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Author Topic: How long does it take a comet to form?  (Read 777 times)

Offline thedoc

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How long does it take a comet to form?
« on: 23/02/2016 16:06:57 »
Jeffrey Cobb  asked the Naked Scientists:

    I'm just wondering how long it takes for a comet to form?


What do you think?
« Last Edit: 23/02/2016 16:06:57 by _system »


Offline Space Flow

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Re: How long does it take a comet to form?
« Reply #1 on: 19/01/2016 06:12:17 »
All compact material bodies form out of clouds of dust and gas. There is no set timeframe for a compact body to form. It depends on a lot of variables. The density and composition of the cloud. The amount of Spacetime turbulence plays a big role and can be boosted by a number of ways that will go into speeding the process up.
Generally a molecular cloud will be a turbulent environment to start with. If a violent event like a Supernova goes off in relatively close proximity, then a number of processes happen to the molecular cloud that inject energy in various forms.
First a huge rush of neutrinos blasts it's way through the cloud. Although weakly interacting, there will still be a large number of collisions. These can have effects like getting microscopic dust grains spinning at phenomenal speeds. These dust grains will set up through the agency of frame dragging, small vortexes throughout the cloud that will result in the accumulation of more gas and dust in the centre of each vortex.
Next will arrive ionising radiation from the SN injecting more energy and so amplifying the chaos conditions of the cloud.
This will be followed by the main player in all this.
A shockwave front emanating from the SN is spherically propagating through Spacetime. The physical mass of the star ejected spherically outwards at supersonic speeds into the Interstellar Medium.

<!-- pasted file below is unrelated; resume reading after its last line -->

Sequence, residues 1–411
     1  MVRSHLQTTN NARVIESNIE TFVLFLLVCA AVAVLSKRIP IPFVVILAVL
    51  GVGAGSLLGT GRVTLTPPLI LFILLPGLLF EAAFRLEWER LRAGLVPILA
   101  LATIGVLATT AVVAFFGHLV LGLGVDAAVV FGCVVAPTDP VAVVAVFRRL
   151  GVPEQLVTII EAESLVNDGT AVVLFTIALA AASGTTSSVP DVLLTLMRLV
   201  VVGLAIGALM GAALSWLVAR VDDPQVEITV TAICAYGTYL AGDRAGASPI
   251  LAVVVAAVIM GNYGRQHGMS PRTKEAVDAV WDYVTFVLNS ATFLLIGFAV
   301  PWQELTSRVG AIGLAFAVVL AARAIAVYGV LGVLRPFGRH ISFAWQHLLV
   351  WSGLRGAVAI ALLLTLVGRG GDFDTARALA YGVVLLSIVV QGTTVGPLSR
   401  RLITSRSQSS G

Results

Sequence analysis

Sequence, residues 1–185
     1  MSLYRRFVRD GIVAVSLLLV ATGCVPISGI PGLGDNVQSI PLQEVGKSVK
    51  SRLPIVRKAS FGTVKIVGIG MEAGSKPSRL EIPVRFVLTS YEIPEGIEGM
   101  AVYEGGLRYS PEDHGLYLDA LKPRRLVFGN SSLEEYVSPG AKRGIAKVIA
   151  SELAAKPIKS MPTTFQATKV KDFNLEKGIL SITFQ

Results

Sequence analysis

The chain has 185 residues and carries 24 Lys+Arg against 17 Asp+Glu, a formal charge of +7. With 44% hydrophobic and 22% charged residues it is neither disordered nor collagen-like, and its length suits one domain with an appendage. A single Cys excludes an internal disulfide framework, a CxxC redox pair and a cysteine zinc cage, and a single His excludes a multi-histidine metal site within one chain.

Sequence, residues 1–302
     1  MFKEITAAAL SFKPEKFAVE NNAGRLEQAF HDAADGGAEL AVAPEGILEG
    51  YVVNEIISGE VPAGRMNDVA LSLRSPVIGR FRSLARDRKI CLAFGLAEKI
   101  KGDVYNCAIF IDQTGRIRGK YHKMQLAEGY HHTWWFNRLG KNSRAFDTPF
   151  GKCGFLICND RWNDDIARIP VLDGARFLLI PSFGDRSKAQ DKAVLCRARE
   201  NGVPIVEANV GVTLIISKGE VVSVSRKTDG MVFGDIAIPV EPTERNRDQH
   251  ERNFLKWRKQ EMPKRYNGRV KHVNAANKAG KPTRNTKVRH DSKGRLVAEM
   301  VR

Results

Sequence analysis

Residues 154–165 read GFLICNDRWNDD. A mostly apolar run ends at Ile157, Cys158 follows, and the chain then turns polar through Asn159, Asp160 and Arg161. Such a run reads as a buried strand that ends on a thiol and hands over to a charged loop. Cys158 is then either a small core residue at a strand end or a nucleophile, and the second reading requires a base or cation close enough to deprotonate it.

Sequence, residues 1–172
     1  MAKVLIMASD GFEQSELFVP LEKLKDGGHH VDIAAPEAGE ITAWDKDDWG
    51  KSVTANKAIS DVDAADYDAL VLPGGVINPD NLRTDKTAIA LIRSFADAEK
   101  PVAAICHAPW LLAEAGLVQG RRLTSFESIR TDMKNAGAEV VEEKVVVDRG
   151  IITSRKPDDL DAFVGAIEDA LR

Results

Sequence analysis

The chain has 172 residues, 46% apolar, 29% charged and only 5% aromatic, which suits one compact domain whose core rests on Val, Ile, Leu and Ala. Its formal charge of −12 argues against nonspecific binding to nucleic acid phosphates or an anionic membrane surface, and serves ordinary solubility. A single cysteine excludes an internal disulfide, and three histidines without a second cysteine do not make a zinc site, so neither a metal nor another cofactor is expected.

I believe it is this fast ejector of material that slams into the Interstellar Medium setting up a Spherical Shock Wave. This freely-expanding ejector hits an inner termination shock, where its kinetic energy is thermalised, producing a very high temperature X-ray emitting plasma. Pressures inside the bubble build which helps balance the build up of interstellar gas and dust in front of the shock and maintain the expansion speed, while at the same time the high energy X-Rays ionise the gasses of the Interstellar medium ahead of the shock front.
This is a very violent event and to top it all off, the magnetic fields associated with the shockfront also act as particle accelerators giving the molecular cloud further high energy impacts.
All of this turns what was already described as a chaotic system into a maelstrom of spacetime vortices of all sizes. Some of those will blend with others, some will orbit others, all of them to different degrees will be focal points for the accumulation of higher concentrations of dust and gas spinning with the Spacetime vortex they find themselves in. The largest of these will turn into stars. Others will turn into planets. The majority will not get that big. They will just be accumulations of matter of various shapes and sizes.
The shockwave will move on triggering this process along the way as well as sending hi energy cosmic rays to travel throughout the Universe.
But now behind it, the spacetime vortexes will keep accumulating matter according to their size. The whole process comes to a stop when the largest vortex in any vicinity starts nuclear fusion. A star is born.
When that star fires up, it immediately ionises the remaining gas in it's neighbourhood and magnetically funnel's it to two opposing polar jets.
This achieves several things and it happens quickly.
By clearing all the unused gas and other ions out of the vicinity, it stops any further build up of massive bodies (planets, moons,asteroids, comets, etc).
Because it drives +ions to one polar jet and -ions to the other, it produces propulsion that drives it out of the original cloud and on it's journey around the Galaxy. Taking with it a large chunk of it's vicinity and everything it contained.
By getting rid of all that ionised gas it now leaves the remaining solid bodies in totally unbalanced orbits. The next period for this young solar system is to find balance. Most will crash into something bigger. Some will survive.

So back to the original question;

I'm just wondering how long it takes for a comet to form?
It can be a very short time as in hundreds of years, or it can take as long as it takes to build a star.

Welcome to the flowing Space Universe.
« Last Edit: 19/01/2016 06:23:33 by Space Flow »

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Re: How long does it take a comet to form?
« Reply #1 on: 19/01/2016 06:12:17 »


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